Saturday, 21 November 2015

Capital III, Chapter 18 - Part 5

As Marx described in Chapter 15, and sets out again here, these kinds of crises of overproduction are typical of periods of exuberance when high rates and masses of profits cause over investment and over-trading. Moreover, the high levels of profit and investment lead to high levels of employment and wages, which act both to squeeze surplus value and to lead to higher elasticities of demand for wage goods.

“The manufacturer may actually sell to the exporter, and the exporter, in his turn, to his foreign customer; the importer may sell his raw materials to the manufacturer, and the latter may sell his products to the wholesale merchant, etc. But at some particular imperceptible point the goods lie unsold, or else, again, all producers and middlemen may gradually become overstocked. Consumption is then generally at its highest, either because one industrial capitalist sets a succession of others in motion; or because the labourers employed by them are fully employed and have more to spend than usual. The capitalists' expenditures increase together with their growing income.” (p 304)
Its not just amongst the merchants, however, that conditions of prosperity and high profits breed the conditions of crisis. Marx points out that, in Capital II, it had been shown how constant capital itself circulates within Department I, irrespective of Department II. That is because the existing constant capital in Department I, must continually be reproduced.

If the whole of the capital goods sector is thought of as say a coal mine, a portion of the mine's output must be continually consumed by the mine itself to keep its steam engines running, so that the mine can operate. The same is true of the producer goods sector itself, a portion of its output must continually go just to reproduce its own constant capital, and, therefore, never forms a part of society's revenue, never forms an income – wages, profit, interest or rent – for anyone, even though it is an integral and growing element of society's value of output.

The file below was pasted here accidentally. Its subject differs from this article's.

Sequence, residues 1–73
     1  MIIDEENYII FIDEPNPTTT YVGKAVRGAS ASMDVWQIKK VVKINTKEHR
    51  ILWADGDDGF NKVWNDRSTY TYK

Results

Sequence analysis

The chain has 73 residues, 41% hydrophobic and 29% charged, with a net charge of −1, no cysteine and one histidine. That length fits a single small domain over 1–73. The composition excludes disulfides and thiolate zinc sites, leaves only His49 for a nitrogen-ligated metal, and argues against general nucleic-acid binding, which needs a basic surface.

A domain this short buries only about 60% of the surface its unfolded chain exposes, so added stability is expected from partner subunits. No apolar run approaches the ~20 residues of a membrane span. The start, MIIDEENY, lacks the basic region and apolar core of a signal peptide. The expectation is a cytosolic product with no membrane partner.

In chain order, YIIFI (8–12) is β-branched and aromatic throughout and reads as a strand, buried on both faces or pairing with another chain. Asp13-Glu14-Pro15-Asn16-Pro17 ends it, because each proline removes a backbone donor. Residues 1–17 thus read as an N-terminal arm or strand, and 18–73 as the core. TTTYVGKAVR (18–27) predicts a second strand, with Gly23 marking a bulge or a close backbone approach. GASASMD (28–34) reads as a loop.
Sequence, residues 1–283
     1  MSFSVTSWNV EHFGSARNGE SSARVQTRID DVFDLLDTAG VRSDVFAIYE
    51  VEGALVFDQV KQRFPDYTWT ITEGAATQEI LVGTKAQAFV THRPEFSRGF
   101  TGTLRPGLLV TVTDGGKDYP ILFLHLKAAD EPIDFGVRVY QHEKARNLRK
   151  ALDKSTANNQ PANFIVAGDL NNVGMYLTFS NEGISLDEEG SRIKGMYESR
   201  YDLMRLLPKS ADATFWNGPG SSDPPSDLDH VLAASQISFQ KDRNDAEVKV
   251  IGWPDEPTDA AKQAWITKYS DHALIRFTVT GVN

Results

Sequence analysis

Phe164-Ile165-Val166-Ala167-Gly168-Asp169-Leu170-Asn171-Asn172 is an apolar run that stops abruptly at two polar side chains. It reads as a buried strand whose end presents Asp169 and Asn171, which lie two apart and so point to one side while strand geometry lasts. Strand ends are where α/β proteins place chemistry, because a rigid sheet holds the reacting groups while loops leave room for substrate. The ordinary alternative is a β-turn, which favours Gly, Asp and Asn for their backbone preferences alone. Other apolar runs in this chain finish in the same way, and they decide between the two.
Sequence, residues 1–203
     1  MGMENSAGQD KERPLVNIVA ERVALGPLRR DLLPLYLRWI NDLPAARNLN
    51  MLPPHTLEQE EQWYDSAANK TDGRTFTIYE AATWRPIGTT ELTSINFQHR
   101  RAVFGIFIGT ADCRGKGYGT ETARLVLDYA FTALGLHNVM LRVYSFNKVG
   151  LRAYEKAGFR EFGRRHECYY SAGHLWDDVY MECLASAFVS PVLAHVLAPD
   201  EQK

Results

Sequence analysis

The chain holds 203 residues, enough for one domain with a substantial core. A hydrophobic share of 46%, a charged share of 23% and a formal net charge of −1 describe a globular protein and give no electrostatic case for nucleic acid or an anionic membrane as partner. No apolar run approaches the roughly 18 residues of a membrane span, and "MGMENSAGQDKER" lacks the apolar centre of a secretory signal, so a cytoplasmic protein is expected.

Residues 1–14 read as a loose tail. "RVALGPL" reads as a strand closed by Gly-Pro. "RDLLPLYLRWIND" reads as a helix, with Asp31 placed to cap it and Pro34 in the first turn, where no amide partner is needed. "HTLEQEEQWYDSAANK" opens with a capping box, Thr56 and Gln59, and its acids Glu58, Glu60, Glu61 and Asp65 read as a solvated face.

That is why there is a growing disparity between society's value of gross national product, and the value of gross national income, contrary to Smith and Keynes' belief that these two amounts are identical, i.e. that the value of a commodity, and so of a country's total production, resolves solely into factor incomes. But, as Marx illustrates, those factor incomes amount to only (v + s), whereas the actual value of the commodity, and so also total national output, is equal to (c + v + s), and c is constantly growing relative to (v + s), as a consequence of accumulation, and a rising organic composition of capital, brought about by rising social productivity.

“It is at first independent of individual consumption because it never enters the latter. But this consumption definitely limits it nevertheless, since constant capital is never produced for its own sake but solely because more of it is needed in spheres of production whose products go into individual consumption. However, this may go on undisturbed for some time, stimulated by prospective demand, and in such branches, therefore, the business of merchants and industrialists goes briskly forth. The crisis occurs when the returns of merchants who sell in distant markets (or whose supplies have also accumulated on the home market) become so slow and meagre that the banks press for payment, or promissory notes for purchased commodities become due before the latter have been resold. Then forced sales take place, sales in order to meet payments. Then comes the crash, which brings the illusory prosperity to an abrupt end.” (p 305)

The effect of the merchant's capital is greater because it affects the turnover of several industrial capitals, as described previously , and because as well as facilitating the metamorphosis of the commodity-capital, of industrial capital, into money, it also facilitates the metamorphosis of money-capital into productive capital.

The merchant buys the commodities of a number of industrial capitals, either all in the same line of business, or in different types of businesses. They are selling the commodities of one whilst simultaneously buying the commodities of another. But, at the same time, they are supplying industrial capitals with the means of production they require.

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